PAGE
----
Monday, May 9, 2011

Tough choices

My mother always told me, "Never say never." And I try really, really hard to follow that advice, because when I say "never," it's almost as if I've just bought myself a ticket to do whatever I just said I would never do. And at some point, I'm pretty sure that I said (probably more than once) that I could never butcher a doe. But I find myself with a doe that seems to have little practical purpose in this world.

Viola the la mancha finally freshened for the first time a few months before her fourth birthday. She seemed to be a great mother initially, and she was producing more milk than her babies needed, so we were milking her almost daily without ever separating her from her kids. But then the problems started. After our first milk test, she got mastitis. It's understandable that she wouldn't want her kids to nurse because I'm sure it was painful, but even after she was over the mastitis, she would often refuse to let them nurse. She also has a bad habit of jumping fences, so she'd decide she wanted to be in another pasture and jump a fence -- not a problem that her kids couldn't come along, or so she thought.

After our second milk test, she had her second bout with mastitis, which had me thinking that I wouldn't breed her again if this was going to turn into a chronic thing. And now it seems that she has pretty much weaned her kids at just over two months of age. We're milking her twice a day, and she's usually filling up the bucket. We've never had an older doe freshen for the first time, so maybe she just doesn't like kids cramping her style? But we let moms raise their kids on this farm, and if she doesn't want to do that, she doesn't really fit here. However, if her history with mastitis, which pops up when she does NOT have kids on her 24 hours a day makes me think that she doesn't really fit on a farm where the kids are bottle fed and does are milked twice a day from the day they freshen.

And she didn't get pregnant until she was almost four years old. She is small for a la mancha because her dam was copper deficient when Viola was in utero and when she was nursing. In fact, Viola's mother died when she was only two months old, and I was afraid I might lose Viola, which is why I didn't even try to breed her to freshen as a yearling. She was just too small, even to be bred to a Nigerian buck. Now, however, I wouldn't want to sell her to a farm where she would be bred to anything other than a ND buck, because although she had no trouble giving birth to her babies, they were half Nigerian, so purebred la manchas could easily be two or three pounds heavier.

And it's kind of tough to sell a goat as a pet when she has a habit of jumping fences. I suppose if their fences were tall enough, she wouldn't be able to jump them. She is a crazy-friendly goat. But seriously who would want a goat like this?

Goat for sale -- didn't freshen until almost four years of age due to copper deficiency as a kid. Weaned her kids at two months. Had two cases of mastitis in the first two months after freshening. Loves to jump fences. Occassionally has a kicking fit on the milkstand.
Did I forget to mention her random fits on the milkstand? She usually loves to be milked and plows into the milking parlor ahead of every other goat, but every now and then, she throws a fit. And when a big goat throws a fit, it's not pretty. Other than the fact that she actually produces milk, she doesn't have much going for her. How can you sell a goat like this?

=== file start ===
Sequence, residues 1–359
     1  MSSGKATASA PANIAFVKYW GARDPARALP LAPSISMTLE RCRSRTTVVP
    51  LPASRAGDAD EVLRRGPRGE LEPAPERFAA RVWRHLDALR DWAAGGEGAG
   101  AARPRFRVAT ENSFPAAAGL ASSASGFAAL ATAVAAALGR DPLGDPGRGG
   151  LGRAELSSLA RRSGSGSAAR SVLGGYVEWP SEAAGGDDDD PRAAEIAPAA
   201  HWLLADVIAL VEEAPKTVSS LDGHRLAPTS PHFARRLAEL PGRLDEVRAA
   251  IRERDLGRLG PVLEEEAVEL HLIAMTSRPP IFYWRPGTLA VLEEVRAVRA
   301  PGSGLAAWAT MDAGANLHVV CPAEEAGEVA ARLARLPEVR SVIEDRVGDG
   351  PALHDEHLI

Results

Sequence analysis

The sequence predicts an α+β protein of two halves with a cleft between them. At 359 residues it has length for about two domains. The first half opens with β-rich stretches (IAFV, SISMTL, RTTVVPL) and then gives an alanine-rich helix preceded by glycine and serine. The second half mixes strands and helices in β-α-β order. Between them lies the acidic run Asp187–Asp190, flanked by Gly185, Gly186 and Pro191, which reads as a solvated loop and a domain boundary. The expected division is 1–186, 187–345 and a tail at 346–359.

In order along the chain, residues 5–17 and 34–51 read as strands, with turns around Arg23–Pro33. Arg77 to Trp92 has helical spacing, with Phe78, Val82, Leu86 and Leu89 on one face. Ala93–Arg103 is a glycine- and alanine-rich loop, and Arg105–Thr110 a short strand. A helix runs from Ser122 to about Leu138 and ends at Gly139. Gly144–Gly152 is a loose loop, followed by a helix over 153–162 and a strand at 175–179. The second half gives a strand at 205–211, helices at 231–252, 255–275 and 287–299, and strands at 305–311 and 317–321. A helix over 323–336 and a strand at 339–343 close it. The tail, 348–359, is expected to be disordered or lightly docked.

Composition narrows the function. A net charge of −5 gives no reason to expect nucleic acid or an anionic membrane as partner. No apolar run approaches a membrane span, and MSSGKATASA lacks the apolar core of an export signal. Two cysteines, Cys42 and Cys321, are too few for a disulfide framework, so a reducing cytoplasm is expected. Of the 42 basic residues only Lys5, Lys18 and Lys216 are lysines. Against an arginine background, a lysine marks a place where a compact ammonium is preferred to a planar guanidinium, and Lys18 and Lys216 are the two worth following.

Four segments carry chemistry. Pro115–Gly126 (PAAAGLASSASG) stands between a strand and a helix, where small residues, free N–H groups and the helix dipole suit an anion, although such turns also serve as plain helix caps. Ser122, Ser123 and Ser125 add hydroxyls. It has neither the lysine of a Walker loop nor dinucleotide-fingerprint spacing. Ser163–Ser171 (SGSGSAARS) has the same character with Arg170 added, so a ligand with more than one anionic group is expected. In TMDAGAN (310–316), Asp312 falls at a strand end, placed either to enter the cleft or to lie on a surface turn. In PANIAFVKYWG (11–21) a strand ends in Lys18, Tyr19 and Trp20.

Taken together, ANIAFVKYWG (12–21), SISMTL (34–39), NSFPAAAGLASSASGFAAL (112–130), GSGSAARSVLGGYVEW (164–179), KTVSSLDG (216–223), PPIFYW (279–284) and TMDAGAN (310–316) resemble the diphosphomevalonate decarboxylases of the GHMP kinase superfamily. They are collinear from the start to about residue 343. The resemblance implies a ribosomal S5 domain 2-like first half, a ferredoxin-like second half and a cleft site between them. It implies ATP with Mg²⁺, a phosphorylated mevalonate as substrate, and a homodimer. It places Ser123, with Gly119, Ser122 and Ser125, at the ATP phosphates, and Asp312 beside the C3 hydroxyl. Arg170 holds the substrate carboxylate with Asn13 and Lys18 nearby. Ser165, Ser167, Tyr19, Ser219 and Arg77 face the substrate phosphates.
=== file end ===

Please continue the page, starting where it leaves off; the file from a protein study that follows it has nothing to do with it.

What do you do with a problem like Viola?

7 comments:

Jordana said...

I have to say I would cull her. Eating her would probably be best, hard as it is. I have a nice single buckling this spring with no other kids to go with it, and he will probably end up eaten simply because I can't keep extra's. What a hard decision you face after so many years of time and energy and love you have put into your girl!

Donna OShaughnessy said...

Cull her and thank her for her contribution to your farm. Sometimes we honor our farm animals best by eating them. Goat sausage is good at any age.

Mama Pea said...

I couldn't have expressed my opinion any better than Donna did in her comment. Plus, I think you've come to exactly the same decision just by writing out your (as usual) very intelligent thoughts.

Chicken Momma said...

Having talked with many people who raise many breeds of goats, I seem have a slightly different opinion than the others on Viola.

It's not all together uncommon for first time fresheners to not be the best of mothers but then turn around and be great mothers and even foster mothers later. Sometimes they just don't get it the first time.

As for the mastitis I can't say I have much opinion on that since I haven't had an issue with my own goats. However, I have read advice to others on various message boards and email groups that sometimes mastitis can come on because a doe isn't letting down all of her milk. This is another thing that can be common among first fresheners.

I think I might try again if she is producing a good quantity of milk.

rachel whetzel said...

I have had to face a similar decision... I blogged about it here: http://www.minetothine.com/2010/11/putting-my-talk-where-my-mouth-is.html and I can add to that now, that goat salami is really tasty.

goatlady said...

I say give her a 2nd chance, she might end up being the best goat you ever have.

Laura @ Rejoicing Evermore said...

I would also cull her. It's hard making the decision, but otherwise she is just eating up your time and resources, without giving enough back to you.

I may have to make that decision soon myself, and in my tiny herd of 5 does, it's especially hard. :(

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